Globalization including globalization of media has had a major impact on media and communication during the past 15 years, according to Suárez. Most of the mainstream media in the world including the Latin American region are owned by 7-9 mega-conglomerates, whose main concern is earning huge profits for shareholders.
These pressures, along with lack of in-depth understanding on the part of many journalists about the complex nature of violence against women often result in superficial and even sensationalized coverage, or what has been called “info-tainment.”
Suárez suggested that digital media including social media networks provide an opportunity for expanding the media agenda and framing of violence against women, including encouraging justices to contribute their own voices and analysis of the issues in blogs, or sites such as Facebook or Twitter.
The final declaration of the conference notes that under Article 8 of CEDAW (UN Convention on the Elimination of All Forms of Discrimination Against Women), changing socio-cultural patterns of conduct of men and women and eliminating sexist stereotypes that demean and degrade women are important steps toward eradicating violence against women.
While the media may cultivate or reinforce these destructive patterns, the Supreme Court justices urge the judiciary to establish links and networks with both traditional media and new social media networks to promote higher quality coverage and more positive images of women.
The final declaration of the conference also calls on the judiciary in Latin American countries to establish specialized communication units within the courts that work to transmit and share information about legal cases and issues from a gender perspective.
Judge María Laura Garrigos de Rebori of Argentina told ESCRIBANA how judicial officials in her country have developed their own strategies to expand coverage of legal issues related to violence against women. She described an online news agency called the Center for Judicial Information located in Buenos Aires, which was created by the Supreme Court.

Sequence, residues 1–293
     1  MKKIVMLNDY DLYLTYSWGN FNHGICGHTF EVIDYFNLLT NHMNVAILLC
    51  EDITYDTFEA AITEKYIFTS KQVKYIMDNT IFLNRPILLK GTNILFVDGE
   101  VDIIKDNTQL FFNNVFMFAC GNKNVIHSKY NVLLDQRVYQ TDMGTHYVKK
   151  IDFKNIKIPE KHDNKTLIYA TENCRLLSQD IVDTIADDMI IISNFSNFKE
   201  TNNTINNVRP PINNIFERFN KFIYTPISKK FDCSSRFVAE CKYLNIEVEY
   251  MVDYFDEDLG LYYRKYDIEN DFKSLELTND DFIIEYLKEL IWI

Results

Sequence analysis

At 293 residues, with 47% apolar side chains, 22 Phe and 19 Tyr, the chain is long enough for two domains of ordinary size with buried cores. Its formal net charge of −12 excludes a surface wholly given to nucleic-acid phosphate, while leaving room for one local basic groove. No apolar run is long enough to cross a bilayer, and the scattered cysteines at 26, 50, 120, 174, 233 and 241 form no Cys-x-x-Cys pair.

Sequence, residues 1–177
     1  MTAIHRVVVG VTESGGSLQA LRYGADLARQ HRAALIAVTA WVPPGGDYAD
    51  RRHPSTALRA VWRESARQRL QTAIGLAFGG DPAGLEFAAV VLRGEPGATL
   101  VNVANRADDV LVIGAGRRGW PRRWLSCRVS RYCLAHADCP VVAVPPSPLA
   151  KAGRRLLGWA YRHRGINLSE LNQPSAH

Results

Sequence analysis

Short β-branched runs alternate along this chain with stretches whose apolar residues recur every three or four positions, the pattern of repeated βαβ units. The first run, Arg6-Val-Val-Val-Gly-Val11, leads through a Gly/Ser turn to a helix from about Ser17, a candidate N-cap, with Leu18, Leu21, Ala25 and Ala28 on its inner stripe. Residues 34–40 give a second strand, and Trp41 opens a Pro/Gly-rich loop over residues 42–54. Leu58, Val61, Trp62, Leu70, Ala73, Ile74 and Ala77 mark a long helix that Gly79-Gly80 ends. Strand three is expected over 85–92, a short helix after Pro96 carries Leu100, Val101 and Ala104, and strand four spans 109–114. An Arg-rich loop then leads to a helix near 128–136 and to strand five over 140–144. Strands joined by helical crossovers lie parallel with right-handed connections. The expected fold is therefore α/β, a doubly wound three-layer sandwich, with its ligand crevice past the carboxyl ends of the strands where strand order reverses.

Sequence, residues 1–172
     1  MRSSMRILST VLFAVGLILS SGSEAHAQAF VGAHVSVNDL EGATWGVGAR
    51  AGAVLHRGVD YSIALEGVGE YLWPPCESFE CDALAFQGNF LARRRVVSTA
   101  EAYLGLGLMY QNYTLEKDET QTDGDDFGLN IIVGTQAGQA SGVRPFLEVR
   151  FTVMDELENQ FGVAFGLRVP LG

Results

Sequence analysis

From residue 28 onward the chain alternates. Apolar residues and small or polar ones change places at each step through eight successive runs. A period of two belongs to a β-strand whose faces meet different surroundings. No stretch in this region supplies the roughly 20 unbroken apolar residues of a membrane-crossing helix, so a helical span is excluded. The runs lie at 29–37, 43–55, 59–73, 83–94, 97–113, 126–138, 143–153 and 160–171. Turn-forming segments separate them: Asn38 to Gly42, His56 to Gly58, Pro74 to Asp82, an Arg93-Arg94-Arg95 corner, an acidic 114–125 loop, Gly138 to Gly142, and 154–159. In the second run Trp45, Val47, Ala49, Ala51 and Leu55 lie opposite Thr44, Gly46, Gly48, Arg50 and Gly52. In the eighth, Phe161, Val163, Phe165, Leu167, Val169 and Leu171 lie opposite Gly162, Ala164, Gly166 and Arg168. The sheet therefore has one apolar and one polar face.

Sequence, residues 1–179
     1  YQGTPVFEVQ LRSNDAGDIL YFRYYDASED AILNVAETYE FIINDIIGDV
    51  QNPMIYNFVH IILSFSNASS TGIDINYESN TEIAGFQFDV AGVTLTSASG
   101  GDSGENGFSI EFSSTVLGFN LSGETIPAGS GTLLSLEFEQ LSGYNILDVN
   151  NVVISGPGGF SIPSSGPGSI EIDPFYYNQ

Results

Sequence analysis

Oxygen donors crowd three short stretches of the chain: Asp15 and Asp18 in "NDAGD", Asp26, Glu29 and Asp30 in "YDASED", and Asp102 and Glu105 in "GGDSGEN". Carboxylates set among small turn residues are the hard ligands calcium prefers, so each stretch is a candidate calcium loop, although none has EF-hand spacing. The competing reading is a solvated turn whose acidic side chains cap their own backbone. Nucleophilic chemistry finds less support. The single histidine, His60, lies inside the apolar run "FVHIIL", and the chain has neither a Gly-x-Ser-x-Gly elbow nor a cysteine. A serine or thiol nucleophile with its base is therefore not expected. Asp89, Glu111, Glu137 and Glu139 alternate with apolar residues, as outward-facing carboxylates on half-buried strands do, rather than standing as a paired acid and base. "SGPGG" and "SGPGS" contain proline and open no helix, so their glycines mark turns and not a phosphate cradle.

The agency employs journalists who write articles and produce videos and other media in collaboration with the Supreme Court judges and other officials of the judiciary. Garrigos explained that the Magistrates are well aware of the inadequate coverage of the judiciary, which they attribute in part to a lack of knowledge of the judiciary by many journalists, including issues related to violence against women.
The news agency is designed to inform both the public and journalists using a more common language to explain legal issues and cases, and also offer different perspectives and analyses by the judges.
Garrigos also talked about a legal project to collect testimonies of victims of sexual violence during the brutal dictatorship in Argentina during the 1970s and ‘80s that utilizes Skype, an online communications program.
This innovative approach has been very successful, providing a more comfortable setting for survivors who can give their testimonies without having to travel long distances, and also are less intimidated than they would be speaking in person to a panel of judges. This has also saved the courts considerable funds for the cost of travel, etc..
(2) Ana Isabel Garita, Central American regional coordinator for the UN Secretary General’s Campaign UNITED to End Violence Against Women.
Photo “Women’s terror is not a movie — stop FEMICIDE” from: dianarussell.com.